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Outlook Mixed After TPP Talks End


Australian Trade Minister Andrew Robb (L-R), Brunei Permanent Secretary of Trade Lim Jock Hoi, and Canadian Trade Minister Ed Fast participate in a news conference in Lahaina, Maui, Hawaii July 31, 2015

There was no consensus Monday on how soon talks to conclude the Trans-Pacific Partnership trade pact could be revived after the 12 parties failed to reach a deal at what was intended to be the concluding round last week in Hawaii.

“The timing really is a challenge at this point, really driven by electoral politics,” Asia Trade Center executive director Deborah Elms told VOA via Skype.

A Canadian general election is scheduled for October 19 and campaigning began Sunday.

For the Canadians “to make a concession on dairy this close to the election I think is going to be even harder,” Elms told VOA.

The U.S. presidential primaries begin in January 2016.

Due to legally binding Congressional rules on trade, even if the negotiators are able to reach agreement late this month, Elms predicts, via Skype, that would leave U.S. lawmakers only a handful of days before they leave for the Christmas recess.

“When they come back they are in full election mode and no one is going to want to vote on trade in an election cycle,” Elms said.

Another meeting scheduled

Australia's trade minister, Andrew Robb, told the Australian Broadcasting Corporation that the TPP participants have agreed to meet again in a few weeks following the failure to cut a deal at the Hawaii talks he described as “pretty tension packed” with “a lot of anger at times.”

"I'm confident we will reach an agreement that's in the best interests of New Zealand in the coming weeks," Prime Minister John Key remarked at a news conference Monday following a Cabinet meeting in Wellington.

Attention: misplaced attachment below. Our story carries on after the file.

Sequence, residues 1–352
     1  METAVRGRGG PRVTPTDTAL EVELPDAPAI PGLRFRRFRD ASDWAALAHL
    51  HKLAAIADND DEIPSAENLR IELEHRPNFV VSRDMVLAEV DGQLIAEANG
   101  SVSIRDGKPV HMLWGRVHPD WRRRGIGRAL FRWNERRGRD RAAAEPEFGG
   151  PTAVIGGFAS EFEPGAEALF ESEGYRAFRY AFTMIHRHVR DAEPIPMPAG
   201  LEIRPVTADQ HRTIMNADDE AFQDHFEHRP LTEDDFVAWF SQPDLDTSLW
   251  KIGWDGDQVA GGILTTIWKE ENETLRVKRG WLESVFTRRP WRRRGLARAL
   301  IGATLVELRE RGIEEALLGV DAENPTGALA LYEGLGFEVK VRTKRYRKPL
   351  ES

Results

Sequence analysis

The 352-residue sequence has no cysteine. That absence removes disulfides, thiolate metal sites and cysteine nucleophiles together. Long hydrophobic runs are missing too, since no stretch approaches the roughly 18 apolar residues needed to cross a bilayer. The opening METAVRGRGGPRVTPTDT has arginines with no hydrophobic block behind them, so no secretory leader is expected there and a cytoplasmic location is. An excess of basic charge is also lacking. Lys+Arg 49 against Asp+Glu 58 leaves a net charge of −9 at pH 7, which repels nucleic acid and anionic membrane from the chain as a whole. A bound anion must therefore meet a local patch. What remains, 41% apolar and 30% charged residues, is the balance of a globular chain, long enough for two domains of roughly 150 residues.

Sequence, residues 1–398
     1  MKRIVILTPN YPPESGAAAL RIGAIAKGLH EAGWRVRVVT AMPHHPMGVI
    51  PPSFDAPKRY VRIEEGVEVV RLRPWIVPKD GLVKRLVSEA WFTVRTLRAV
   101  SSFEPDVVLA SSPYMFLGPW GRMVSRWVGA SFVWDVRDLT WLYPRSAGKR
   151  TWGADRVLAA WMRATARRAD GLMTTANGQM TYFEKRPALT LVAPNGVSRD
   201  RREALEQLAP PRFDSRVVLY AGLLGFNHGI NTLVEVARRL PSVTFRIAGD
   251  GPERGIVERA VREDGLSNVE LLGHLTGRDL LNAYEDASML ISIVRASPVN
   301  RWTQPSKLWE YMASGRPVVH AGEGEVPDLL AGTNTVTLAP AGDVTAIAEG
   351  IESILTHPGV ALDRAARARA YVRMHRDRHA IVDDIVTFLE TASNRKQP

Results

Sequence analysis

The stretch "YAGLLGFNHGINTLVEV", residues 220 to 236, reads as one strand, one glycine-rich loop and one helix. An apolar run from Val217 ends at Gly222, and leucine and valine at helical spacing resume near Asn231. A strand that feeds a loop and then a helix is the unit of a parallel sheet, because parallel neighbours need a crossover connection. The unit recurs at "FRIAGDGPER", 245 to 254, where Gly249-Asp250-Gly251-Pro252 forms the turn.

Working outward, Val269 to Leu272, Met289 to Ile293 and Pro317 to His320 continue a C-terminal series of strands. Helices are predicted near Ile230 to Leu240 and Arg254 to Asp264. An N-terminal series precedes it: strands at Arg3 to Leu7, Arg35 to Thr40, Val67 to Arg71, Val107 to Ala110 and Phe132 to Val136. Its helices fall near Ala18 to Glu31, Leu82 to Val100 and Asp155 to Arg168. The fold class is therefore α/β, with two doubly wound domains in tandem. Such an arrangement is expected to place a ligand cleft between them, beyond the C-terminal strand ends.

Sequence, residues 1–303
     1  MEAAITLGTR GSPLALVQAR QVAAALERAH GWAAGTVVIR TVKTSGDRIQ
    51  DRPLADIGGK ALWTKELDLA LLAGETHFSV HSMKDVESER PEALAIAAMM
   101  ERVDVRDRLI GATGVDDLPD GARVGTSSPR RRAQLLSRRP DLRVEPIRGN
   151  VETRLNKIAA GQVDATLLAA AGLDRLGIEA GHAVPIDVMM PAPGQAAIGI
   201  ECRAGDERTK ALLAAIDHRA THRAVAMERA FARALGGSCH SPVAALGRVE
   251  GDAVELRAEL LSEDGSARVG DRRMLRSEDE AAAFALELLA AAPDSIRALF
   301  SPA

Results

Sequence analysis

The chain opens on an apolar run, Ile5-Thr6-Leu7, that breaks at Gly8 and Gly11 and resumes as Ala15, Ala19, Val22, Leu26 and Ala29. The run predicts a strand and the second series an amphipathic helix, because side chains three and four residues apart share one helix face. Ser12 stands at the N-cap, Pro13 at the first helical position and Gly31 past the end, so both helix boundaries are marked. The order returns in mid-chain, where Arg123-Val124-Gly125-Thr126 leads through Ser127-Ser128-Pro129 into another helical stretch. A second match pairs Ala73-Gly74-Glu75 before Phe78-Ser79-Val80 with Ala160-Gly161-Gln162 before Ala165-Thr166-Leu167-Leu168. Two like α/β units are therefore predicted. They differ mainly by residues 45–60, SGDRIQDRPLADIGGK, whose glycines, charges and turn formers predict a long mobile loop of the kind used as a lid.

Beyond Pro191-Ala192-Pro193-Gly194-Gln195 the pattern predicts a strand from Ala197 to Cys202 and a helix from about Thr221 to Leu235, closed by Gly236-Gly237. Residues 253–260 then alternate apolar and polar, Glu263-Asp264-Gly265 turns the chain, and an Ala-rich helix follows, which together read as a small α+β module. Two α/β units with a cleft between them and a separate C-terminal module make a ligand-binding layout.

Japan's trade minister, Akira Amari, has told reporters he also wants to see fresh discussions by the end of this month.

Disagreements remain

Last week's negotiations became tangled, in particular, over the length of data protection to be granted to companies that develop pharmaceuticals and hold patents on them, according to Japan's largest circulation daily newspaper, the Yomiuri.

The Japanese newspaper, in an editorial calling for negotiations to resume promptly, placed some of the blame on the United States, home to many major pharmaceutical companies, for insisting on 12 years for data protection while Australia and New Zealand, eager to utilize generic drugs earlier, called for five years or fewer while Japan proposed a compromise at eight years.

Another issue stalling the secretive talks is in the automotive sector.

A late disagreement erupted between Mexico, an emerging automaker, and Japan, which sources parts from countries such as Thailand which are not a party to the TPP talks.

All of this leaves the process in “huge trouble,” according to Elms, unless the “stars align perfectly” to get a deal done this month then nothing is possible until 2017 when there “will be a whole set of new leaders around the table” and long after the current negotiators have quit.

The TPP participants represent 40 percent of global trade.

The countries in the negotiations have been Australia, Brunei, Canada, Chile, Japan, Malaysia, Mexico, New Zealand, Peru, Singapore, the United States and Vietnam.

Other parties, Colombia, the Philippines, South Korea, Taiwan and Thailand, since 2010, have announced their interest and could join a second wave of expansion if an initial deal is reached.